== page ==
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INSIGHT: Petrochemical players challenged by global game

ICIS News : 4-Dec-12 17:07

By Nigel Davis

A naphtha crackerLONDON (ICIS)--Petrochemical players globally face considerable strategic challenges as feedstock and market trends shift. The globalisation of the industry continues apace and no company can rest on its laurels as the tectonic plates underpinning the sector move.

Market growth is in the east and in regions such as Latin America. Demand in Europe and the US remains substantial but it is changing, as are feedstock dynamics. The opportunities for players in the Middle East to participate in advancing regional economic growth are immense but they are losing their considerable ethylene chain feedstock advantage.

It is not just markets that are increasingly globalised. Petrochemicals technology now moves freely around the world, as does the talent needed to drive forward-looking companies. The fundaments of the business have not changed but the environment in which petrochemical players operate has.

Producers face a basic issue of how to compensate for their inherent weaknesses within the increasingly global market set-up, strategy consultants Roland Berger suggested in a report published in November. Strategic decisions have to be taken whether they operate in the Americas, Europe, the Middle East or Asia.

Who will capture new market demand is still a completely open question, the consultants say. “Will it be players from the fast growing Middle Eastern or Asian countries, or will American and European companies stage a strong global comeback?” they ask.

Producers in each of the regions face regionally specific operating challenges. But structurally, the game has become much more complex and requires deep analysis of what moves might and can be taken to position the company best for the future. This is an asset-intensive industry and strategic moves are costly.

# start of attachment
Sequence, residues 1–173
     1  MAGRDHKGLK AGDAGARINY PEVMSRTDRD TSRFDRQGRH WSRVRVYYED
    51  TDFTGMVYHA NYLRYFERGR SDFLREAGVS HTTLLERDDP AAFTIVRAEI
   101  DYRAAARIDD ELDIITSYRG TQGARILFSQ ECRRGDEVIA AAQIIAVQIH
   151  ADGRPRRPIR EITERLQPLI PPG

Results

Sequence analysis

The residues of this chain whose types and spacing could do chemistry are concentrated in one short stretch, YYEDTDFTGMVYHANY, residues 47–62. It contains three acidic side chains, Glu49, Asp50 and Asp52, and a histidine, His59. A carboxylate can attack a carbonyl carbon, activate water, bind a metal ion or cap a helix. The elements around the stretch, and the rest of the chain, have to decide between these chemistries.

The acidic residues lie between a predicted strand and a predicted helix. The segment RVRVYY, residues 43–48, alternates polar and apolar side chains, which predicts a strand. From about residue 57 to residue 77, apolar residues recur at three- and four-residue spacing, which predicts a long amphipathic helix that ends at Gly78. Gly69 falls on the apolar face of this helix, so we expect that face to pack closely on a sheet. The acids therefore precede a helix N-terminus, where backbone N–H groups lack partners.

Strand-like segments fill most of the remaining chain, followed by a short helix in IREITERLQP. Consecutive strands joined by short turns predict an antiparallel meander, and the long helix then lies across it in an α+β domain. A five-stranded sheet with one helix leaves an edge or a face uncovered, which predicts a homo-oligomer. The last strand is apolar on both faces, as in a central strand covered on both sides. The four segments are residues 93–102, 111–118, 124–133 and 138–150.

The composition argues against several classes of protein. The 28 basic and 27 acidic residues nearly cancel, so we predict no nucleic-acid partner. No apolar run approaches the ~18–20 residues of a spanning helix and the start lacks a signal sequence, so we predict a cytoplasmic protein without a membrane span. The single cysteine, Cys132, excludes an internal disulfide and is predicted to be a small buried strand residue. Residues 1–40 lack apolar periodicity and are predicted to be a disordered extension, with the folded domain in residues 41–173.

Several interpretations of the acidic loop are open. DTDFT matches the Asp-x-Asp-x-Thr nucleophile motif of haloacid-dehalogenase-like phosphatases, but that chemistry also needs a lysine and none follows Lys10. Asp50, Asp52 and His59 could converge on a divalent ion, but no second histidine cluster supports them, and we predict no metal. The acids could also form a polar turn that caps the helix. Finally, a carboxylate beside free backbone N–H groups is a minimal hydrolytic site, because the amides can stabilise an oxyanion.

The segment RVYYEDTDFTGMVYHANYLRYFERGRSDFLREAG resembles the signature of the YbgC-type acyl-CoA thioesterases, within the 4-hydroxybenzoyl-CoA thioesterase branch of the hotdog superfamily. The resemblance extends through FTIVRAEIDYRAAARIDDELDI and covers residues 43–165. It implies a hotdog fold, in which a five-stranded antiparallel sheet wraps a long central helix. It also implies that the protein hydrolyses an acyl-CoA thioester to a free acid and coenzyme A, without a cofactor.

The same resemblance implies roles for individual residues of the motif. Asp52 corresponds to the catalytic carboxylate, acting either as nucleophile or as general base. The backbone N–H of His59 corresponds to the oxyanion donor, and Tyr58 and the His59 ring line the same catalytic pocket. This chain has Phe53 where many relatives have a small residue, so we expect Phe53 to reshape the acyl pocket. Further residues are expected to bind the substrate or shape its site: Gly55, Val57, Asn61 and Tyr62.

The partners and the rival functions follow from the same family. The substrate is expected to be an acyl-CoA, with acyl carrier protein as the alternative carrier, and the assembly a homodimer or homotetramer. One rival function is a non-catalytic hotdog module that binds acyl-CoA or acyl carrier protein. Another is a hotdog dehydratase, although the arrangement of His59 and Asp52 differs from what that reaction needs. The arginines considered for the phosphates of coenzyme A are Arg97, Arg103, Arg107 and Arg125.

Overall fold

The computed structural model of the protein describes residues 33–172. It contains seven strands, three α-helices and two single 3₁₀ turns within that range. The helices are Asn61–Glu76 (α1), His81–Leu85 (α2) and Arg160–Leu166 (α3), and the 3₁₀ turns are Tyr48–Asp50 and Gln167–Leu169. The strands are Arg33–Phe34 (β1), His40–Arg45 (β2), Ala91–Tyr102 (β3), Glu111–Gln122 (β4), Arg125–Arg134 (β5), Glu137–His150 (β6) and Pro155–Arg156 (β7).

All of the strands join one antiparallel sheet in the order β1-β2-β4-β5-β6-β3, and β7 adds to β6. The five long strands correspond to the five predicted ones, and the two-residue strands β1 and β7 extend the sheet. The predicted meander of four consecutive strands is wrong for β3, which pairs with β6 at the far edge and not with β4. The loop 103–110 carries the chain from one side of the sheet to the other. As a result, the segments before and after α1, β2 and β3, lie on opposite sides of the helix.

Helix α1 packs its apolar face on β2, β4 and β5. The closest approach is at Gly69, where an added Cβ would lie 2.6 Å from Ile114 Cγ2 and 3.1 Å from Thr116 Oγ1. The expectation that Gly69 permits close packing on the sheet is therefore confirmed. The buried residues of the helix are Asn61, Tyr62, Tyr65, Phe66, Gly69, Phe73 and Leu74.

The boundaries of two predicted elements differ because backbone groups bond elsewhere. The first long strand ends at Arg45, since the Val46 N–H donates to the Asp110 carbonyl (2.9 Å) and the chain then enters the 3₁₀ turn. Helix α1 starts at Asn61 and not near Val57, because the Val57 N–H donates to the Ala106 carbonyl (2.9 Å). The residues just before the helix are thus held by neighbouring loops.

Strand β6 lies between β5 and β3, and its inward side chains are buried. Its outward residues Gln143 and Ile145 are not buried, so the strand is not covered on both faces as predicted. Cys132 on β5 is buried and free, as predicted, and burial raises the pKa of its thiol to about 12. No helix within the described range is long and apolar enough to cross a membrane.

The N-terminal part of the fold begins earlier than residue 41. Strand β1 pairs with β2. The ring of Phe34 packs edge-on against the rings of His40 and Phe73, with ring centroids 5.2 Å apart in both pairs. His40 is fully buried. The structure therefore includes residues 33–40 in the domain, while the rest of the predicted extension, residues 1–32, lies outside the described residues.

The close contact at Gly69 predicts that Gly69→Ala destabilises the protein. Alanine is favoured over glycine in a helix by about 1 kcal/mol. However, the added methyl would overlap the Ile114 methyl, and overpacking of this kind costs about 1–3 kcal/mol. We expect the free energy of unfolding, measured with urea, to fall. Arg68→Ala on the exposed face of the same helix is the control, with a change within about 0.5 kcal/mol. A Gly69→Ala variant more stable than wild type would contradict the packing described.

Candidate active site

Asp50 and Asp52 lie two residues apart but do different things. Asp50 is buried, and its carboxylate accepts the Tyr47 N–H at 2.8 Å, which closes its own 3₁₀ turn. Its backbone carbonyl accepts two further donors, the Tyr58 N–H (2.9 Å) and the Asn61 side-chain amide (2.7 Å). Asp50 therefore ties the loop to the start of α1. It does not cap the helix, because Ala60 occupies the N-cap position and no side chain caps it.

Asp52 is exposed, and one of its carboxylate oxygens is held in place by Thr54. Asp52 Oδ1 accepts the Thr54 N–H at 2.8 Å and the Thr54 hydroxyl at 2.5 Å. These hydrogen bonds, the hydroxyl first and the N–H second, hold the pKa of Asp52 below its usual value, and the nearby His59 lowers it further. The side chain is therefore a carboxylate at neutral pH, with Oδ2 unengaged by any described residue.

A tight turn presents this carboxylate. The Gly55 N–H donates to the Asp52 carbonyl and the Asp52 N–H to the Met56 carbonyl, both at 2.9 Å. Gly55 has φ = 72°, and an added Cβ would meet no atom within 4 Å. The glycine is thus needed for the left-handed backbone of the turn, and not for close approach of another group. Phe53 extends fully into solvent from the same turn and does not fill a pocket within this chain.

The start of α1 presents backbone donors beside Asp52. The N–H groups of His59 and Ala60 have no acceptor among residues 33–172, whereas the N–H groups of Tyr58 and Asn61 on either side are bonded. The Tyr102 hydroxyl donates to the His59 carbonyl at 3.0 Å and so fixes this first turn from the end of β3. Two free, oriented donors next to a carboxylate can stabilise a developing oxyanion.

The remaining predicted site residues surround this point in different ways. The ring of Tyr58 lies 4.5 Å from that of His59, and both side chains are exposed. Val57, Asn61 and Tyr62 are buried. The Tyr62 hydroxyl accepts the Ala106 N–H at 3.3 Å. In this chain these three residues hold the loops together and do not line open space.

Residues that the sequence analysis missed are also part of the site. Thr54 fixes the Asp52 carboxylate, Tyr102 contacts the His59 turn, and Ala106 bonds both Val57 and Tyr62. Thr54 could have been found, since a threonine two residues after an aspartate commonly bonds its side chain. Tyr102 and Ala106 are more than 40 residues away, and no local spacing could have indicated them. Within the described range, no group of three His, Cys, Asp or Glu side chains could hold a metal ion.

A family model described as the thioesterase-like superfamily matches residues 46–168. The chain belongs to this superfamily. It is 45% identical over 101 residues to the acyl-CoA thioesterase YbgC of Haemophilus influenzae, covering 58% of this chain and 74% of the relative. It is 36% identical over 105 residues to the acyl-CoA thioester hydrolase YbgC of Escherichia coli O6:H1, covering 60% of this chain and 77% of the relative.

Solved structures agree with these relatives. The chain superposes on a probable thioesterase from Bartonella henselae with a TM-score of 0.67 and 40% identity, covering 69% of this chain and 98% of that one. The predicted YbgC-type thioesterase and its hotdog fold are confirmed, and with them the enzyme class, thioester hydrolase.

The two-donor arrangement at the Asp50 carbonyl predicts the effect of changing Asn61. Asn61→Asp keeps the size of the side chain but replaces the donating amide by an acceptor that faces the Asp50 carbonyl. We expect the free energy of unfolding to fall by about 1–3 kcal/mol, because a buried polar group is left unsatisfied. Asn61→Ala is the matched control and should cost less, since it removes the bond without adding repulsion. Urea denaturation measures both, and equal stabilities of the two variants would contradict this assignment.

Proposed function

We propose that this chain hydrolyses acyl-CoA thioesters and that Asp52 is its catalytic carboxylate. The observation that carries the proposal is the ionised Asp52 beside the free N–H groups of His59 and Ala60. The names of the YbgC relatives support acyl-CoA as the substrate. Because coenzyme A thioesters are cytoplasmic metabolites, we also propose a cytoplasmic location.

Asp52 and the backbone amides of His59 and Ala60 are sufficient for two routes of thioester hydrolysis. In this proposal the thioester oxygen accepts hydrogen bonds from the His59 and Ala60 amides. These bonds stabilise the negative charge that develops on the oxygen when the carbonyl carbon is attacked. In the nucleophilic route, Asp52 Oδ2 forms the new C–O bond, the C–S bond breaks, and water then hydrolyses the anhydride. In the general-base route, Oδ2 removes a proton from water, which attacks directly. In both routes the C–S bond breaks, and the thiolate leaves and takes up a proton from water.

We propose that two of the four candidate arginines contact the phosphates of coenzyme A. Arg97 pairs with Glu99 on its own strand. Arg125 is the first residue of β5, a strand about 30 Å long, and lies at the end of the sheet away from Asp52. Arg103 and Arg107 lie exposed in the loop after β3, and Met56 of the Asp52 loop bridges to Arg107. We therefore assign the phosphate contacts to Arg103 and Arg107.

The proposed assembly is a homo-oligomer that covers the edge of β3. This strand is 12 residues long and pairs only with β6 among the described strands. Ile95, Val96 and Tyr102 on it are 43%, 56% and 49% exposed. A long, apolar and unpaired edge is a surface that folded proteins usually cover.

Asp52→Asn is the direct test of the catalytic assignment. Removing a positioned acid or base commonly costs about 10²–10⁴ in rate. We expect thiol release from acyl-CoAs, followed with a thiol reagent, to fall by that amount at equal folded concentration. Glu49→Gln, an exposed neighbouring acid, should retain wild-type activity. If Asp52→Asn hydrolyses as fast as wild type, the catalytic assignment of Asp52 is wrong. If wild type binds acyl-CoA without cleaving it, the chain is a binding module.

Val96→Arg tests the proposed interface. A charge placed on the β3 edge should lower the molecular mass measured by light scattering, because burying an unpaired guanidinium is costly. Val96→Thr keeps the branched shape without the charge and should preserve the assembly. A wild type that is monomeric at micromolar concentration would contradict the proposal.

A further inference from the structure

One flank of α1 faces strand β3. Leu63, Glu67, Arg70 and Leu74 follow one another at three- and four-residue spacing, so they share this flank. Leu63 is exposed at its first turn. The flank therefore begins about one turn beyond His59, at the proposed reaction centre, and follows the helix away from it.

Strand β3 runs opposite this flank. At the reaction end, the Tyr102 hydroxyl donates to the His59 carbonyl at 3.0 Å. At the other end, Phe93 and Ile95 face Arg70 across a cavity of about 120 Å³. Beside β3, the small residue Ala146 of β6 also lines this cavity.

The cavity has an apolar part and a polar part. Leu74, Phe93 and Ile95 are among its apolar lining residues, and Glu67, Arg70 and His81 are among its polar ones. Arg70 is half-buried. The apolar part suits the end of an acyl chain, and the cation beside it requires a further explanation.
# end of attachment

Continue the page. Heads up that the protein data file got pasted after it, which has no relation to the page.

European petrochemical players, for example, are generally seen as operating under intense cost and regulatory pressure - their older assets, perhaps not placing them in the best global position. Yet business in Europe has become increasingly specialised and producers much more adept at managing feedstock and other costs.

Some clever approaches to feedstock access have been considered and are being implemented. The region is also ahead in the pursuit of alternative feedstocks and more specialised, customer-oriented product offerings.

Roland Berger asks the key question whether European players should shut down older plants, replace them or simply upgrade. Yet how does this tie into the core need in petrochemicals of acquiring feedstocks and of gaining market access?

Joint ventures, merger and acquisition (M&A) activity and organic growth all play into this mix. The most successful players might be those who strike the right deals with challenged producers in the Middle East, for instance, thereby enabling each to grow.

The low-cost ethane advantage currently enjoyed by Middle Eastern players is expected to erode, at least in the medium term, so these producers have to look carefully at their options. Moving further downstream into important petrochemical intermediates, into specialties, and even closer-to-the-end consumer businesses, is a possibility.

Roland Berger feels that India, even while it is seeking to expand its own petrochemical industry, is a key growth market and an important asset from Middle East producers. Gulf petrochemical companies, however, need to strengthen their knowledge and skills base.

West European petrochemical companies are seen as key partners where strengths and gaps are largely complementary.

“Is buying European companies better than building knowledge through joint ventures and cooperation agreements?” Roland Berger says. “What would the business case look like for potential partner companies to invest in the Gulf and not in China?”

How to address China demand successfully is a critical question. An opportunistic export position is a credible approach but not a long-term option.

“Who are the natural partners for Asian companies?” Roland Berger asks.

“Is advanced technology from Europe and the US, or strategic access to feedstock more important in the medium term? Are there ways to combine them?”

Bookmark Paul Hodges’ Chemicals & the Economy blog for ICIS
Read John Richardson and Malini Hariharan’s Asian Chemical Connections

By Nigel Davis
+44 20 8652 3214

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